Value growth over the past decade has been characterised by substantial value rises in Sydney and Melbourne while elsewhere capital gains have been materially lower, in fact negative in some regions.
Over the past decade the Australia housing market has been impacted by the Global Financial Crisis (GFC), periods of rising and falling mortgage rates, heightened levels of investment and growing demand for housing from offshore buyers. Additionally, the national economy has transitioned away from a boom in the commodity cycle and major resources related infrastructure projects towards the services sector and housing construction. The market has also seen significant variation in the rates of value growth with Sydney and Melbourne leading the way.
The first chart shows the cumulative change in dwelling values over the 10 years to January 2018. Over the period, values across the nation increased by 41.8% however, it is important to note this was heavily influenced by the two largest housing markets, Sydney and Melbourne. In fact, while nationally dwelling values have increased by 41.8% over the past decade, only Sydney (79.3%), Melbourne (72.4%) and regional Victoria (42.7%) have recorded value growth in excess of that figure.
Three regions of Australia have seen dwelling values which are currently lower than they were a decade ago. These regions are Perth (-6.9%), Regional Qld (-5.1%) and regional WA (-29.5%). Although all other regions have recorded value increases over the past decade, there has been growth of less than 10% over the decade in Darwin (5.4%) and regional SA (4.0%).
In early 2008 the GFC hit and dwelling values began to slide. Although the periods of decline varied across regions, generally values started to fall early in 2008 with value growth returning in early 2009. The declines were fairly short and sharp. The declining housing market was reversed due to two main factors: a swift reduction in mortgage rates and the introduction of government stimulus including additional first home buyer incentives which helped stimulate growth in demand and subsequently values.
During the GFC downturn, all regions of the country recorded declines with national values falling by -7.9% between February 2008 and January 2009. Western Australia was particularly hard hit by the downturn with values falling by double-digits in Perth (-11.0%) and Regional WA (-12.2%) while all other regions avoided double-digit value falls. Value declines during the GFC downturn were relatively minor in Darwin (-1.5%), Regional SA (-2.4%) and Regional NT (-2.2%).
Following the stimulus-led re-inflation of dwelling values post-GFC, as the stimulus was removed from the market values once again started to fall.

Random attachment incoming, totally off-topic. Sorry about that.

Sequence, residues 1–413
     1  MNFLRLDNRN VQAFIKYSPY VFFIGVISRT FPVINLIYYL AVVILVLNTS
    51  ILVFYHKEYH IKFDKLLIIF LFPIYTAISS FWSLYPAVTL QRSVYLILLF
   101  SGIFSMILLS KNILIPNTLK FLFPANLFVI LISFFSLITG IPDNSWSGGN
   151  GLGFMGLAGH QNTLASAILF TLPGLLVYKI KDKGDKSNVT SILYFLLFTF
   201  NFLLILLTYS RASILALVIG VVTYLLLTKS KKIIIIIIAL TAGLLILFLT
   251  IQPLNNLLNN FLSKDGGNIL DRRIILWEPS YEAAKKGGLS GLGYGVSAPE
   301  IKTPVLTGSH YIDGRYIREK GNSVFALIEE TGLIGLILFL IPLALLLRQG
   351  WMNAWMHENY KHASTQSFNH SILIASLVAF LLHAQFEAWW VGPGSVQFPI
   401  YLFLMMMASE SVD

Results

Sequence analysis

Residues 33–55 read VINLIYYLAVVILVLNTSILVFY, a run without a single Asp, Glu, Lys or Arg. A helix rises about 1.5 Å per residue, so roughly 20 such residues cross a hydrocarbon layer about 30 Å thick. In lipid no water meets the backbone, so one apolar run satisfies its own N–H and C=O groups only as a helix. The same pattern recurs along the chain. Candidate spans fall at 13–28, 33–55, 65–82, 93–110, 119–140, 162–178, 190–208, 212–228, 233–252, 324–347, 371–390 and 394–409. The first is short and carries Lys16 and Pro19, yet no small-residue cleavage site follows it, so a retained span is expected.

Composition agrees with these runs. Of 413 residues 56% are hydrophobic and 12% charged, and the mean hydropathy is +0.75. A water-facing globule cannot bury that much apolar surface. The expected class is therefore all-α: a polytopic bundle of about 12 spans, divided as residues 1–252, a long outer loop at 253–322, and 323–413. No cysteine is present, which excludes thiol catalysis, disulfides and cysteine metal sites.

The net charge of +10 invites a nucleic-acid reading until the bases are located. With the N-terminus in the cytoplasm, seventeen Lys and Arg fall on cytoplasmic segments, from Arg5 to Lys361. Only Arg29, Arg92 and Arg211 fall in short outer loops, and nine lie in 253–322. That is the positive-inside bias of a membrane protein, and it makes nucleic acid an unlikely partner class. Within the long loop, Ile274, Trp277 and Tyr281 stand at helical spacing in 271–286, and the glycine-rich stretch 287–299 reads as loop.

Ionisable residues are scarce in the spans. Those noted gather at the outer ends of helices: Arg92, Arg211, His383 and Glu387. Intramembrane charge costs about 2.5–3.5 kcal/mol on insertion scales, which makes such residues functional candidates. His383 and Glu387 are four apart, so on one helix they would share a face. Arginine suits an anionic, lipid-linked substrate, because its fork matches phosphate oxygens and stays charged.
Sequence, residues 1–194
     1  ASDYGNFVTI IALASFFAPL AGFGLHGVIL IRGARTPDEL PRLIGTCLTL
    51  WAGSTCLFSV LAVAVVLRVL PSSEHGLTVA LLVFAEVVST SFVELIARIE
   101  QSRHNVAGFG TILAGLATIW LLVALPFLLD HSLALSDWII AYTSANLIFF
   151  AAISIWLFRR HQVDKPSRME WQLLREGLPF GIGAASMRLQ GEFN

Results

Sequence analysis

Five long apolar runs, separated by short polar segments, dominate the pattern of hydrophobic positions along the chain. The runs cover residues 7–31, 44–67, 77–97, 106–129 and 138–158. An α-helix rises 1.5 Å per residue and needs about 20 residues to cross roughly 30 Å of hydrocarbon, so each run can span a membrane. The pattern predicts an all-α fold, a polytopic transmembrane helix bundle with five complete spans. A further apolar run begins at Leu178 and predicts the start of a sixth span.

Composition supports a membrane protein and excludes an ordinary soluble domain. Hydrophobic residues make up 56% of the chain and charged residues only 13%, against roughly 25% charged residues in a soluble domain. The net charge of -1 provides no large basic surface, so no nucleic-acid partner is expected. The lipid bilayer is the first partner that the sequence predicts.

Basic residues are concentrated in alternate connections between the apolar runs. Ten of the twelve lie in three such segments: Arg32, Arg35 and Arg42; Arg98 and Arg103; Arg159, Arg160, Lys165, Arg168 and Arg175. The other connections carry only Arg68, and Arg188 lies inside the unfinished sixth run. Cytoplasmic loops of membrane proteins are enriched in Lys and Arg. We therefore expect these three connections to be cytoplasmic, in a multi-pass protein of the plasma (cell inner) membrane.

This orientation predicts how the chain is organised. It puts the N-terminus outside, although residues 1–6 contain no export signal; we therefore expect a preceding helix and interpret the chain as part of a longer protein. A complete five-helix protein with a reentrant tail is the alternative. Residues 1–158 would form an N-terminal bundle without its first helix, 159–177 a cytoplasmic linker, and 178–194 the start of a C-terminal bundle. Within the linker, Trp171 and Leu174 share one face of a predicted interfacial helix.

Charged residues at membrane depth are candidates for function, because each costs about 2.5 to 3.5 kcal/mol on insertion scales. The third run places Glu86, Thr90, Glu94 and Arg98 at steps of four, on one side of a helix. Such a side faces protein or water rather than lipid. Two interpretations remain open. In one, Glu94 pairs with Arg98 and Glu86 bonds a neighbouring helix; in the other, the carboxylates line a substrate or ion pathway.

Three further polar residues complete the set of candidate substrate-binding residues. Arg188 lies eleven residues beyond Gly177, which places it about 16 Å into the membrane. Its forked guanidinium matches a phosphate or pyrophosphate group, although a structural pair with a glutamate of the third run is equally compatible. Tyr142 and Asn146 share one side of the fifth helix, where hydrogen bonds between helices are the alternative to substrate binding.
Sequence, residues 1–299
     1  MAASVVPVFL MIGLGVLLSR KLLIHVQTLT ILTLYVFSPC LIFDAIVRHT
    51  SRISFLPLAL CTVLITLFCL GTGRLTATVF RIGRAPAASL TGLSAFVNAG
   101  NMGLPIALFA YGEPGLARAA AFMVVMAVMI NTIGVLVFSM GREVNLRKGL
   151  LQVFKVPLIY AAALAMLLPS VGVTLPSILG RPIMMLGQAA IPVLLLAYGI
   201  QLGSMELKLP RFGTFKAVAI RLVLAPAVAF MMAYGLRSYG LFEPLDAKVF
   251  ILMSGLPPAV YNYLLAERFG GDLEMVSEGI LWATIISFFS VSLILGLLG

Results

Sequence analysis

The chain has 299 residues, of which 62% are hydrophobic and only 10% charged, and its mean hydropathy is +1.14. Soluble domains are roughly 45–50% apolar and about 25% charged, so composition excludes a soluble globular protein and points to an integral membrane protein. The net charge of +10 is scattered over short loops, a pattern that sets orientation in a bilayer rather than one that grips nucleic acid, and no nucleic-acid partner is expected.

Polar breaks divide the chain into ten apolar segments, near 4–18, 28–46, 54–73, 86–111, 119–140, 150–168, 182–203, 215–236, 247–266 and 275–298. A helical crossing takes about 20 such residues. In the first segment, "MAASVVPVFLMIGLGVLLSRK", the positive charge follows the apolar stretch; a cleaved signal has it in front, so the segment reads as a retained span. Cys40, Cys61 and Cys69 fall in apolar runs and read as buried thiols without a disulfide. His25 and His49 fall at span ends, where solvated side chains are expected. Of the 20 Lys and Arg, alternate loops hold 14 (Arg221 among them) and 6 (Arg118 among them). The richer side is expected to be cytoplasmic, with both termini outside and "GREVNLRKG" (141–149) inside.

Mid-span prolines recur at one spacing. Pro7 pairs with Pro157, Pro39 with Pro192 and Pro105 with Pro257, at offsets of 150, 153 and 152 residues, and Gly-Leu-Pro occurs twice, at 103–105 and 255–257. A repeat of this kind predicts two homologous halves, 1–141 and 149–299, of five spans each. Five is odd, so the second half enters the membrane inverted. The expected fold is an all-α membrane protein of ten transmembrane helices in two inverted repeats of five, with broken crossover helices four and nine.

First home buyer incentives were removed and the Reserve Bank started to lift interest rates from their generational lows. Between 2010 and 2012, although timing does vary somewhat across the regions, the national housing market once again experienced value declines.
Between June 2010 and February 2012, national dwelling values fell by -6.5% with capital cities experiencing slightly larger falls than regional markets.
In this downturn, Qld was hardest hit with Brisbane (-10.6%) and regional Qld (-11.1%) the only regions to record double-digit value falls. By comparison, Sydney (-3.7%), regional Vic (-3.6%) and regional SA (-3.0%) recorded relatively minor value declines throughout the period.
More recently, softer housing market conditions have become evident with a number of regions starting to see values decline. The final chart highlights the change between current dwelling values and the historic housing market peak.
Nationally, dwelling values are -0.7% off their peak with the combined capital cities (-1.0%) the main driver of the weakness. In fact, Brisbane and Hobart are the only capital cities in which values at the end of January 2018 were not lower than their previous peak. Perth (-10.9%), Darwin (-21.7%) and regional WA (-29.5%) currently have dwelling values which are more than 10% below their previous peaks.
The data presented within highlights that despite most regions of the country having seen dwelling values increase over the past decade, within that decade there have been periods in which values have fallen. The data presented also highlights how during the value growth periods, growth has very much been slanted towards the Sydney and Melbourne markets.
With dwelling values now falling in a number of regions, it will be interesting to see how rapidly values, fall, what may or may not be done to slow the falls and how the market declines will compare to other periods of decline over the past decade.